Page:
Whcn’s early modern capital of edo teach us about risk management?

Jordan Alexander Sand

Research output: Chapter in Book/Report/Conference proceedingChapter

Abstract

The city of Edo, early modern capital of Japan, was built of wood and burned with extraordinary frequency. This essay considers the logic of fire prevention and response in Edo in contrast to disaster management in the present day, with particular attention to the Fukushima nuclear disaster. The comparison reveals that the emphasis in Edo on strength and continuity of the social order rather than preservation of material property produced a different view of risk and uncertainty.

Original languageEnglish
Title of host publicationSpringerBriefs in Applied Sciences and Technology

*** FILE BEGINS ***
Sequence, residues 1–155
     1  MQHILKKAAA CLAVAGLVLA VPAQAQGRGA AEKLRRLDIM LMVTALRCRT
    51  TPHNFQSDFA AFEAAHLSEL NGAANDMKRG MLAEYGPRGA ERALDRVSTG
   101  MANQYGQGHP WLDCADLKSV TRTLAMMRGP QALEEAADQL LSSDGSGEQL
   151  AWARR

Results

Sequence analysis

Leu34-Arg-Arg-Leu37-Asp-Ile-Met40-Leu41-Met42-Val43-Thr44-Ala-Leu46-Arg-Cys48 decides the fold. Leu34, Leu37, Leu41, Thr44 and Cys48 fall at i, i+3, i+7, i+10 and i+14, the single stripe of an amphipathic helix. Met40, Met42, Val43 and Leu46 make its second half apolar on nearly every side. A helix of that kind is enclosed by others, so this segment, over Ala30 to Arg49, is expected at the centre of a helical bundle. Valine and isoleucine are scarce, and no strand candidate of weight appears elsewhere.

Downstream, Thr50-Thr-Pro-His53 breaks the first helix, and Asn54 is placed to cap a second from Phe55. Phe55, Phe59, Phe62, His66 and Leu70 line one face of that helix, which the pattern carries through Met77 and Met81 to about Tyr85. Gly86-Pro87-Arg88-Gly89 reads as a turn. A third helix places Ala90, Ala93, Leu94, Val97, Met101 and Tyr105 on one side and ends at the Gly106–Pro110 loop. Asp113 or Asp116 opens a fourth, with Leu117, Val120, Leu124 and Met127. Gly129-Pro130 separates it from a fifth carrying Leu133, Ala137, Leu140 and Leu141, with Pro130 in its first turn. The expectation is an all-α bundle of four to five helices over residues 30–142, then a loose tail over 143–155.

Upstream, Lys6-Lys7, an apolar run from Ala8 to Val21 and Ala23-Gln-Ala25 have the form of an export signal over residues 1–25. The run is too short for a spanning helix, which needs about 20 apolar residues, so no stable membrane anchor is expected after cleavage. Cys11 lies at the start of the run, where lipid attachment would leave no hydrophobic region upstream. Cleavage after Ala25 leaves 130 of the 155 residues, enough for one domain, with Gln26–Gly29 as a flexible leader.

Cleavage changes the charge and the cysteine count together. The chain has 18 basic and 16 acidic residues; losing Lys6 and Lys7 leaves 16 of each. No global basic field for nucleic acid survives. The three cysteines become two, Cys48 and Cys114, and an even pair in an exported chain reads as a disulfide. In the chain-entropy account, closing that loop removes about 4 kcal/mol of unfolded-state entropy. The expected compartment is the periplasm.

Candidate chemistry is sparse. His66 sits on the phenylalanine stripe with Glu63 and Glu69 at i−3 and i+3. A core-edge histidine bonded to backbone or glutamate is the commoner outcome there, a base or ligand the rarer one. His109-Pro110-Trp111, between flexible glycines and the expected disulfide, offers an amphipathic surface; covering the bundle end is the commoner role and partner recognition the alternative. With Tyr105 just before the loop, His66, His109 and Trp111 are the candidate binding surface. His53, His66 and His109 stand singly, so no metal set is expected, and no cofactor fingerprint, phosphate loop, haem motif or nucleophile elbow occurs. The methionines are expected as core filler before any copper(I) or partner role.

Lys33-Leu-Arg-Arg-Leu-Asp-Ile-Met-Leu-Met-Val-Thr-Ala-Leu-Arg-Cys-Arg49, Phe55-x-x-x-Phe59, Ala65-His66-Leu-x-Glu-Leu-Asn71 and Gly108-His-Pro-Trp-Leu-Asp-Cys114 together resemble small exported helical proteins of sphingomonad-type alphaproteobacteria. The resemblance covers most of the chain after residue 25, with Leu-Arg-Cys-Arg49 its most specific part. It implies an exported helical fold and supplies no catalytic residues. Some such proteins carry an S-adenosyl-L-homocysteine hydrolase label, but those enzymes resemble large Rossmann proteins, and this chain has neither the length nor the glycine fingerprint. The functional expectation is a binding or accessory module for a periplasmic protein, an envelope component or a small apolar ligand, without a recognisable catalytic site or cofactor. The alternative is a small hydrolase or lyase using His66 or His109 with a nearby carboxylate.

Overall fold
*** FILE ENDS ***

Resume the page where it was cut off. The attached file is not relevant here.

PublisherSpringer-Verlag
Pages87-105
Number of pages19
Edition9783319329383
DOIs
Publication statusPublished - 2017 Jan 1
Externally publishedYes

Publication series

NameSpringerBriefs in Applied Sciences and Technology
Number9783319329383
ISSN (Print)2191-530X
ISSN (Electronic)2191-5318

Keywords

  • Edo-Tokyo
  • Fukushima nuclear disaster
  • Japan
  • Psychology of risk
  • Urban fire

ASJC Scopus subject areas

  • Biotechnology
  • Chemical Engineering(all)
  • Mathematics(all)
  • Materials Science(all)
  • Energy Engineering and Power Technology
  • Engineering(all)

Fingerprint Dive into the research topics of 'Whcn’s early modern capital of edo teach us about risk management?'. Together they form a unique fingerprint.

  • Cite this

    Sand, J. A. (2017). Whcn’s early modern capital of edo teach us about risk management? In SpringerBriefs in Applied Sciences and Technology (9783319329383 ed., pp. 87-105). (SpringerBriefs in Applied Sciences and Technology; No. 9783319329383). Springer-Verlag. https://doi.org/10.1007/978-3-319-32939-0_7